Oil prices, slowing economic growth in China and the Quantitative Easing programme in the Eurozone are the main economic influences affecting the global economy at present.
In the UK it is being widely reported that inflation will move into negative territory, however this is likely to be short lived. The Governor of the Bank of England, Mark Carney, is likely to report that inflation may return to the target rate of 2% faster than was anticipated. Aside from this there are few other economic indicators on which to report.
In the US, despite improvements in the economy, there is increasing concern surrounding the effect of deflation and corporate earnings estimates, which certain commentators are suggesting should not be ignored. However on the flip side of this, the US has enjoyed rising employment and earnings figures. The question arises; will a rosier employment/earnings picture encourage the Fed to start to normalise rates or will the commodity price induced reduction in inflation persuade the Fed to wait on a rate hike until later in the year? The Fed is due to report to Congress in March, which might indicate whether a rate rise in June is expected or whether they will delay this until later in the year.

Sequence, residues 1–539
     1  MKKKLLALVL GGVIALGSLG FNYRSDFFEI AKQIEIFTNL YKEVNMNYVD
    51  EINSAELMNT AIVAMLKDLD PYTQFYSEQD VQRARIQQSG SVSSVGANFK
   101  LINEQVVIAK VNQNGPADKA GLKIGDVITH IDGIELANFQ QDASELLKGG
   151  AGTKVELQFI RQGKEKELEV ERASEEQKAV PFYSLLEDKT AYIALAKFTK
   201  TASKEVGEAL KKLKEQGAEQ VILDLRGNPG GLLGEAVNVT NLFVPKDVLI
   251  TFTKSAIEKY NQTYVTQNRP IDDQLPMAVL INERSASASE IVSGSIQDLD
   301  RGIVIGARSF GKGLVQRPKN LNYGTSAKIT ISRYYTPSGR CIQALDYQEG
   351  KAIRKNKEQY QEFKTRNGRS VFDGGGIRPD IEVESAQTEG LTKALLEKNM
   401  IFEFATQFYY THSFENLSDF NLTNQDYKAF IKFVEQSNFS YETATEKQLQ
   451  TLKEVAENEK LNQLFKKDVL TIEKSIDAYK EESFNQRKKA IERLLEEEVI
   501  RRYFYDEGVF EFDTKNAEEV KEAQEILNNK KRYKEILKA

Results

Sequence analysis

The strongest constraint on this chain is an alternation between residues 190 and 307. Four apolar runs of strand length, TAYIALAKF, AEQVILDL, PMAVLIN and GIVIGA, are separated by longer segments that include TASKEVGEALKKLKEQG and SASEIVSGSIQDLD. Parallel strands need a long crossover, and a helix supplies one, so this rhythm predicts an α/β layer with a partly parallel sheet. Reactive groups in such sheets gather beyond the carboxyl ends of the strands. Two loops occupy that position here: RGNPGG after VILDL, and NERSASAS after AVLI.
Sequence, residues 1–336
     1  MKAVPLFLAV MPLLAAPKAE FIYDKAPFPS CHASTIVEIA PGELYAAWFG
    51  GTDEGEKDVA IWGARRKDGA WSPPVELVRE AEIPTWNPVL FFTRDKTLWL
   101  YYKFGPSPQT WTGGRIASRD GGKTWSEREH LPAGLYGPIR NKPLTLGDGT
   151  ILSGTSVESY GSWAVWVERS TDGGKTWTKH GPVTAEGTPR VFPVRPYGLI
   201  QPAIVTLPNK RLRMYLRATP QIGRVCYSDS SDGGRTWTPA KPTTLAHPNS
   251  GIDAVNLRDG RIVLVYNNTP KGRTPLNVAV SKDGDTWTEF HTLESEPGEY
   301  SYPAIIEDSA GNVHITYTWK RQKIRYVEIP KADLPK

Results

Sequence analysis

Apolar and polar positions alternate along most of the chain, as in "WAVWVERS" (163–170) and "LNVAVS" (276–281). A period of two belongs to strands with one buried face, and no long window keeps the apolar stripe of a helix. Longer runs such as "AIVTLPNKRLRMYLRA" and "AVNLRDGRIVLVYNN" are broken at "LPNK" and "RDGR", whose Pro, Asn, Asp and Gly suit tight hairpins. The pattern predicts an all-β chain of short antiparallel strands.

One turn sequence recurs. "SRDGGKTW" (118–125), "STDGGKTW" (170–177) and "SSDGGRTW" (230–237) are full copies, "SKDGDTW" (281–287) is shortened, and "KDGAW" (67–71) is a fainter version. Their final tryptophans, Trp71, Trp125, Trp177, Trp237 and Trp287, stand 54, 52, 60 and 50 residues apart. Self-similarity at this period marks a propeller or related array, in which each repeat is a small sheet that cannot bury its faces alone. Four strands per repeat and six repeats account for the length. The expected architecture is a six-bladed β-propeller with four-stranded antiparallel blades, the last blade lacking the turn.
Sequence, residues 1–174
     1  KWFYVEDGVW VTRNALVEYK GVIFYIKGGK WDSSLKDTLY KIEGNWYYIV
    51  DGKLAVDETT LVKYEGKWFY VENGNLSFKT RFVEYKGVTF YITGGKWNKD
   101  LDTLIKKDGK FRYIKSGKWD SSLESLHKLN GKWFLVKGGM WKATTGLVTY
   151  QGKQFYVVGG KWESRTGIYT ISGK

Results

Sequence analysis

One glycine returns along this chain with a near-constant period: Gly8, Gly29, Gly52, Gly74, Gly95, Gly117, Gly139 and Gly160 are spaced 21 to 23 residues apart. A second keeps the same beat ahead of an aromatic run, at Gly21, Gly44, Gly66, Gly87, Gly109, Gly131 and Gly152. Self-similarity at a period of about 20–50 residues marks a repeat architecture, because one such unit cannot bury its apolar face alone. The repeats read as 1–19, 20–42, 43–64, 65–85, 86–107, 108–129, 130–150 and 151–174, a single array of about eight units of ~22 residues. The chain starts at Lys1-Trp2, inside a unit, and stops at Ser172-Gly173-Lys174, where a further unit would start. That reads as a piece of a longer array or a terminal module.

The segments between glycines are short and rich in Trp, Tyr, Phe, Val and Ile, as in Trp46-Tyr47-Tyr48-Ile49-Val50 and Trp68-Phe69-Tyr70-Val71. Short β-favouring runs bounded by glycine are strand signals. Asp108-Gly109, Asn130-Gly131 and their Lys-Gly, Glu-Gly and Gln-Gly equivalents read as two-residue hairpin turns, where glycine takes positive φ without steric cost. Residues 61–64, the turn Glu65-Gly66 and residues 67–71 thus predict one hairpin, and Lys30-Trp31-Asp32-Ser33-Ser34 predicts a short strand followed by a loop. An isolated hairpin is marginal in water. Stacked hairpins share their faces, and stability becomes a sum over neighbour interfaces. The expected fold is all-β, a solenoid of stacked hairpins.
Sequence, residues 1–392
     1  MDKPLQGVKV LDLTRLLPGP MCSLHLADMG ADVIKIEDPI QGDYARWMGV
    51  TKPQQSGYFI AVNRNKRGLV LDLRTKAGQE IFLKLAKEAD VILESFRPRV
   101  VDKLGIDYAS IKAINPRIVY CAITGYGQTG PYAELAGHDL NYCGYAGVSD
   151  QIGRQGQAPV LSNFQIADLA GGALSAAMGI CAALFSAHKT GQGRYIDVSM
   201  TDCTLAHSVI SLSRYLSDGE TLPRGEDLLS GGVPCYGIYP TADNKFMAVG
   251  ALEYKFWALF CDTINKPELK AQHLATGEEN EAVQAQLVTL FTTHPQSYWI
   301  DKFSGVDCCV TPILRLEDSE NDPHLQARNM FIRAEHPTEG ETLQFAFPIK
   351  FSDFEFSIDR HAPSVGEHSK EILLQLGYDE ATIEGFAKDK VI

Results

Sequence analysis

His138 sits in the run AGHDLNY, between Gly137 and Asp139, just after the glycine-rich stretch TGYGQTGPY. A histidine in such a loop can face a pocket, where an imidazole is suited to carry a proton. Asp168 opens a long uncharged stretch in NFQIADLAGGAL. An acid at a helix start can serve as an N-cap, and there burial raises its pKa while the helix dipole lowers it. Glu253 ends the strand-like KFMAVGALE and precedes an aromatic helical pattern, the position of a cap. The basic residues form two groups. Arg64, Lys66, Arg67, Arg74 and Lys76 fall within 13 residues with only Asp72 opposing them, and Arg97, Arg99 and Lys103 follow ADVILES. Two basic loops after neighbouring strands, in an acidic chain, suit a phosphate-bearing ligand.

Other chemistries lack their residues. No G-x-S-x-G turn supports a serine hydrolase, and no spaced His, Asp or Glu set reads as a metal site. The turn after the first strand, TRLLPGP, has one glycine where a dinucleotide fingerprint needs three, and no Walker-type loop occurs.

Elsewhere the impact of falling inflation appears to have led to signs of a potential global currency war, which is supported by the announcement by many countries of a substantial change in monetary policy since the start of 2015. Australia, Singapore, New Zealand, European Central Bank, Canada, Japan, India, Denmark, Switzerland and many others have all made major monetary policy changes.